Place cocoa and coconut on separate plates. Roll each banana slice in the cocoa, and shake off the excess. Then, dip banana in the coconut

Warm Quinoa Salad


* 1 cup of quinoa, rinsed
* 2 cups of water or stock
* 1 medium onion, chopped
* 3 cloves garlic, chopped
* 1/4 cup chopped fresh basil
* 1/4 cup chopped fresh coriander (cilantro)
* 1 tomato, seeds and excess pulp removed, chopped
* 1 can adzuki beans, rinsed well
* 4 TBS lemon juice
* 3 TBS olive oil
* 3 cups shredded romaine lettuce
* 1 avocado, cubed
* 1 TBS chopped pumpkin seeds
* Unrefined sea salt and pepper, to taste

Combine rinsed quinoa, water, onion, garlic, and a little salt in medium saucepan and turn heat to high. Bring to a boil, cover, lower the heat to low, and simmer gently for about 15 minutes. Fluff with fork and transfer to a bowl. Add chopped herbs, tomato, rinsed adzuki beans, 2 TBS lemon juice, 1 TBS olive oil, salt and pepper.Toss romaine and avocado in rest of lemon juice and 2 TBS olive oil. Season with salt and cracked black pepper. Serve quinoa on bed ofsalad greens. Sprinkle with chopped pumpkin seeds.

Baked Buffalo Wings


1 lb chicken wings (preferably without skin)
1 tablespoon cayenne pepper
1 teaspoon crushed red pepper flakes
1 tablespoon Celtic Sea Salt
1/2 cup hot sauce
1 tablespoon butter

1. Fill a large pot half way with water and then add the first 4 ingredients.
2. Bring water mixture and wings to a boil and then boil for 15 minutes.
3. Transfer wings to an oven safe container coated with butter.
4. Bake wings on “Broil” for 15 minutes on each side. (For crispier wings, cook longer on each side, maybe 20 minutes per side).
5. While waiting for wings, combine the hot sauce and butter in a small pot and cook over low flame until melted.6. When wings are done, shake ‘em up with the sauce and enjoy!

Tea Juice



5-6 bags caffeine-free herbal tea (e.g., peach, mint, chamomile, or fruit tea) 3 quarts boiling water stevia powder (or liquid) to taste


Pour water over tea bags in a large pot. Add stevia while tea is hot. (Adjust amount
according to the desired sweetness.)
Let the tea cool, remove tea bags, transfer tea to a serving pitcher or individual water bottles, and refrigerate.

What To Watch For When Purchasing Your Outdoor Fireplace Grill?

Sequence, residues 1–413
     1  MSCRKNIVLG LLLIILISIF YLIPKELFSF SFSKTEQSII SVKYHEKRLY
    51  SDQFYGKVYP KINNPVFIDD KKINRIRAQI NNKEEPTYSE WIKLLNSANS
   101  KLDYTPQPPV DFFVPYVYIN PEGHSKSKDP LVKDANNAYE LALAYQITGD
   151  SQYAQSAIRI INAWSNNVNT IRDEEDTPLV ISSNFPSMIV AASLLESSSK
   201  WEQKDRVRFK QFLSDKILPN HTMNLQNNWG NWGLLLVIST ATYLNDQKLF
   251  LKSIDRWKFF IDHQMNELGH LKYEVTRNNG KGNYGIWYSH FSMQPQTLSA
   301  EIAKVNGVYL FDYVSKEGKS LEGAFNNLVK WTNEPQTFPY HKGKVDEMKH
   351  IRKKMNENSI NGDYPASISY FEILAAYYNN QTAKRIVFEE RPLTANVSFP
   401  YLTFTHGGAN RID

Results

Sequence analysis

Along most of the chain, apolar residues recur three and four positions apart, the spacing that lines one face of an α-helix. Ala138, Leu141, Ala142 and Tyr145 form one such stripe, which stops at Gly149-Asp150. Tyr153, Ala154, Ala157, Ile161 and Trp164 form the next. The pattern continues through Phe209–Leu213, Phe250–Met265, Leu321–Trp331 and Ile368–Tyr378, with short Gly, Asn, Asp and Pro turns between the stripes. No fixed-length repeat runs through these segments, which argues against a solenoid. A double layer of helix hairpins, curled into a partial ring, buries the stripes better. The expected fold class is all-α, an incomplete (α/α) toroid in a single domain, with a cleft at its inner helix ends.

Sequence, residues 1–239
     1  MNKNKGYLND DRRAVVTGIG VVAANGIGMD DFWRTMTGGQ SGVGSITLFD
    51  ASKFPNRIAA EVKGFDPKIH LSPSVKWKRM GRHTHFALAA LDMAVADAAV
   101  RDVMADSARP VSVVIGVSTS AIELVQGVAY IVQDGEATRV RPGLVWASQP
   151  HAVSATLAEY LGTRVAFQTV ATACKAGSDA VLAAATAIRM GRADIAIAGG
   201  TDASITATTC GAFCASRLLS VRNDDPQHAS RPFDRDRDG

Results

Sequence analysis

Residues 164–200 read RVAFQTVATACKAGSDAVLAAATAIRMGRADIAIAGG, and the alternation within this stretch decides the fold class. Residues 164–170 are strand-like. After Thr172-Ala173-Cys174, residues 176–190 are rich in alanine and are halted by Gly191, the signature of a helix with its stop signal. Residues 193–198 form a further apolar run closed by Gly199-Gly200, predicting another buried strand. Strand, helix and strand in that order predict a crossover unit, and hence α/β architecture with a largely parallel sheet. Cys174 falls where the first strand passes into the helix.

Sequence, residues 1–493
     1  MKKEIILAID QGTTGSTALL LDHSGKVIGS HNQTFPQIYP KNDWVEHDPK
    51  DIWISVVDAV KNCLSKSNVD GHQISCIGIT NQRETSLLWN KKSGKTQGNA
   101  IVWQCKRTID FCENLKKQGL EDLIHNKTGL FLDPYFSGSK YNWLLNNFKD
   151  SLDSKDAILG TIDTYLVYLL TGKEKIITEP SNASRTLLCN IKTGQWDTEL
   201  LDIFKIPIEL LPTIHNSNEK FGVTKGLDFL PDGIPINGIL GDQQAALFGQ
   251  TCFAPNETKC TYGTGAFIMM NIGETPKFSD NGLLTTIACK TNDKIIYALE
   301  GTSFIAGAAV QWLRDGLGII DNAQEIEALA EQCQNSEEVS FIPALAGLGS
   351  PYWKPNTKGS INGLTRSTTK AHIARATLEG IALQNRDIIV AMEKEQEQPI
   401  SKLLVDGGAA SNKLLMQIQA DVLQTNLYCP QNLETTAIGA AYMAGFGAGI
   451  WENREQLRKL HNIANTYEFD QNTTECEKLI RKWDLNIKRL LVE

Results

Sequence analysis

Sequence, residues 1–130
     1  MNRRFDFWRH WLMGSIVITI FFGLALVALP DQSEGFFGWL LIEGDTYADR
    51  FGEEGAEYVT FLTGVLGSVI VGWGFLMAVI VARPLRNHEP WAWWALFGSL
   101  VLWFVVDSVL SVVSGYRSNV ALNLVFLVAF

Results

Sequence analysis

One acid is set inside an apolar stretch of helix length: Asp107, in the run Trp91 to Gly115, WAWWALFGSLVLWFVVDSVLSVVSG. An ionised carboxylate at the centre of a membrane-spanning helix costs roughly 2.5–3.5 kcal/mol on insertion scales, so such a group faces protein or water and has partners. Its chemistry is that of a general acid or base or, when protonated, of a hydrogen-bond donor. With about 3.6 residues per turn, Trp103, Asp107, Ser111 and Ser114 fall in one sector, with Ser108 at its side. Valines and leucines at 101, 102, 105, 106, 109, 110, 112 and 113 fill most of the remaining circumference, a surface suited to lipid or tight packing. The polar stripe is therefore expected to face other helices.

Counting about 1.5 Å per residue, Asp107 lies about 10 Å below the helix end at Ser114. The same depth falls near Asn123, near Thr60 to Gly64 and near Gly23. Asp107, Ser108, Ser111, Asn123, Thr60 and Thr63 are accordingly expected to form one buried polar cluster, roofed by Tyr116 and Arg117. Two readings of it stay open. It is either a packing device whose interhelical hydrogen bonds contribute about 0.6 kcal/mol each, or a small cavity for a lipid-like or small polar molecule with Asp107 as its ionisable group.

An outdoor fireplace grill can add a classic touch and charm to your garden, patio, pool area setting for parties, gatherings and romantic evenings.

In some cooler climates it may even be considered an essential piece of outdoor furniture. One thing I particularly like about an outdoor fireplace grill is that it can quickly and easily be converted into a outdoor fireplace.

What should you be looking for when choosing your outdoor fireplace grill?

Three Vital Things You Should Consider

1/. How Are They Fueled?

Kết quả hình ảnh cho wood grill

The most popular models of outdoor fireplace grills available are fueled with wood, charcoal, gas or propane. A major consideration when choosing your grill will be the level of cooking and cleaning up after the fact that you want to do. It goes without saying that a wood fired grill with require extra cleaning compared to a gas grill. Besides, preparing firewood for cooking is not easy, you either have to buy splitted dried woods from local suppliers or spit them on your own with a log splitter or maul then dry them for over a month.

2/. How Does It Cook?

Kết quả hình ảnh cho wood grill

Another aspect to consider is how they cook. Some outdoor fireplace grills cook food directly over the flame, while others use indirect heat through an oven. There are even models where food is placed under the cooking grid and heat is applied using an appropriate burning source.

3/. What Material Is It Made From?

Kết quả hình ảnh cho stainless steel outdoor grill

There are many distinctive styles and finishes are available when it comes to outdoor fireplace grills. Most are made of stainless steel or other durable metal. While stainless steel does look nice it comes with a price tag. Generally speaking the more stainless steel the more expensive. It also requires cleaning to keep looking good. Porcelain coated cooking grids can be a problem.

Other Things That May Be Important:

Is your space limited? Or do you only cook for two or three people? If either of these are a consideration you may find a portable outdoor fireplace grill a more suitable option. These too come in a variety of shapes and are specifically designed for outdoor enjoyment for those with limited space in mind. Size is usually determined by the number of wheels.

When choosing a charcoal burning outdoor fireplace grill try to find one that has a grate runs the entire length of the grill. This will allow you to controll the heat more easily.

Being able to see into a wood burning fireplace grill has extra appeal. So be sure to choose one with large glass viewing area and polished brass finish glass doors. Because of the soot I suggest a stone or cast iron material. Apart from being a durable material they will not tarnish like stainless steel. Be sure to include some protection against flying sparks. Having a wider inner area is useful for easy loading of burning substances.

NB Do they have ash catchers for easy clean-up, and chimneys with rain caps. Do they come with fire tools?

Gas outdoor fireplace grills are easy to use fireplace grills with adjustable safety valve controls. These outdoor fireplaces grills are best made with stainless steel burners and lids. For the budget minded choose a metallic enamel finish on top lids and bottom bowls. Generally speaking these are easier to use and maintain.